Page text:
Sally Hunter deserves our gratitude for her blog post detailing the uncertainty we have about the molecular and immunological characteristics of the Aβ proteins at the center of the dominant so-called amyloid cascade hypothesis of Alzheimer’s disease. What is most refreshing is her attempt to see the molecular phenomena embedded within a systems biology perspective, as well as pointing to broader (and indispensable) contexts such as public health and epidemiology. She deserves further plaudits for her persistence in getting her message across and effectively aligning her concerns with a growing body of other wisely skeptical voices. She focuses on the need for more complex models at a molecular level. If more space were available she could have expanded on how little we know about the normal function of the Aβ related proteins in healthy brain function.
The amyloid cascade hypothesis is not merely a scientific hypothesis, it is more often used as a political statement. It is illuminating to compare this alleged hypothesis to the so-called cholinergic hypothesis that was dominant for a period before Alzheimer’s became more the subject of molecular biological and genetic focus. Is the cholinergic hypothesis true? We are told hypotheses need to be tested by trying to reject the null: can it be rejected and, if so, using what criteria? Clearly, there are loss of cholinergic neurons and nicotinic receptors in several types of dementia. The preclinical and clinical evidence that cholinergic systems are involved in memory and attention is strong. And cholinomimetic drugs were approved by the FDA on the basis of well-designed studies, although we can argue in retrospect that their effectiveness in clinical practice is minimal.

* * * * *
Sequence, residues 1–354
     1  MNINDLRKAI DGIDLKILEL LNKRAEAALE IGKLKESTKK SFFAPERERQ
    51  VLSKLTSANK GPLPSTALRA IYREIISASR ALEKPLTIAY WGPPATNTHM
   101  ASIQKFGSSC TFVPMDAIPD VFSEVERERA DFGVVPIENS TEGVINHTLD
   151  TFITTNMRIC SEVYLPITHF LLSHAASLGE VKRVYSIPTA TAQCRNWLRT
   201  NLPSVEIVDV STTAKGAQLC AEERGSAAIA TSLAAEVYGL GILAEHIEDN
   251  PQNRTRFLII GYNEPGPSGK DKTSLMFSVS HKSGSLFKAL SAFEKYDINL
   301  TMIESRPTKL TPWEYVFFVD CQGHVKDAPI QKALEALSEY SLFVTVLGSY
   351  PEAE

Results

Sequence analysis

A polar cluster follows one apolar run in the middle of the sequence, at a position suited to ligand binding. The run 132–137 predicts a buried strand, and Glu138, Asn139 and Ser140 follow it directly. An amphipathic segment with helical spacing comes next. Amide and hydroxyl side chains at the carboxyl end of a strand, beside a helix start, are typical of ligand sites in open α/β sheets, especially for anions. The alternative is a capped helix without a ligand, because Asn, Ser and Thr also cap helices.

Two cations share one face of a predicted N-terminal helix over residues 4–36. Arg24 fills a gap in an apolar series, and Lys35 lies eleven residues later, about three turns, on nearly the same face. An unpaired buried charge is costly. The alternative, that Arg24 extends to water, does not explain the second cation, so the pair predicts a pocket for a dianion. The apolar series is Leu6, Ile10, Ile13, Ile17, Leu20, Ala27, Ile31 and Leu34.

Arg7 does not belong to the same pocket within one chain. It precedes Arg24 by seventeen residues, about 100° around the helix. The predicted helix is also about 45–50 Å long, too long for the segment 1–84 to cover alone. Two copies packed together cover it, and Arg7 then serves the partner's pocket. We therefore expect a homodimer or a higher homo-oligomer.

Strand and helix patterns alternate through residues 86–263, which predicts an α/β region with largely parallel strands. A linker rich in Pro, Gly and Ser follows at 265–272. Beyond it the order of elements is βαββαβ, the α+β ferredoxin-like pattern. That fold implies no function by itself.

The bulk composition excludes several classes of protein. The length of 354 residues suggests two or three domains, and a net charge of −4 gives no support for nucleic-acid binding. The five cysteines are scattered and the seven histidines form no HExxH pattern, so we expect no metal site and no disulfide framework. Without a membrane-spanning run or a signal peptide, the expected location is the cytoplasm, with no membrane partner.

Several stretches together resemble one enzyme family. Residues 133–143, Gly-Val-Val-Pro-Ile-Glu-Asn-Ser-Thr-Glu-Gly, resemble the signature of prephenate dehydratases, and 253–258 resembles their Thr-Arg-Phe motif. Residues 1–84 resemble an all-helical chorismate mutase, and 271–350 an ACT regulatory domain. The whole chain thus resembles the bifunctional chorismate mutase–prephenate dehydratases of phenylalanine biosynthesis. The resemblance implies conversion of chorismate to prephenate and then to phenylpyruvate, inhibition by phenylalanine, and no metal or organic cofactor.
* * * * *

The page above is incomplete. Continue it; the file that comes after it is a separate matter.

It appears that the amyloid hypothesis suffers from similar problems. How could we reject the hypothesis? In the clinical diagnostics and drug trials space with which we are familiar there have been repeated failures over the past decade. Now the claim is often made that we just need to apply our therapies earlier (now in people with so-called elevated risk as demonstrated on an amyloid PET scan) and study their effects for longer durations and with higher doses. Money has been wasted on poorly designed evaluations of the imaging methodology itself. Hundreds of millions of dollars were allocated by the Centers for Medicare and Medicaid Services to try to determine whether the experts who advocated for the investment could evaluate in an unblinded nonrandomized situation whether they found the test useful. Not to mention that the scans are often difficult to interpret—even in the hands of “experts”. Individuals who received the scans were only told that their risks were either elevated or not. Reasonably, they might ask “how elevated”? One might expect quite different reactions from people whose scans are said to be either positive (elevated) or negative, by neglecting that the imaging measures of amyloid actually exist on a continuum rather than being a binary. People receiving these scans tend to believe it is a “test” for Alzheimer’s (it is not—it is a test for amyloid) and hence have unrealistic sense of the importance of the scan.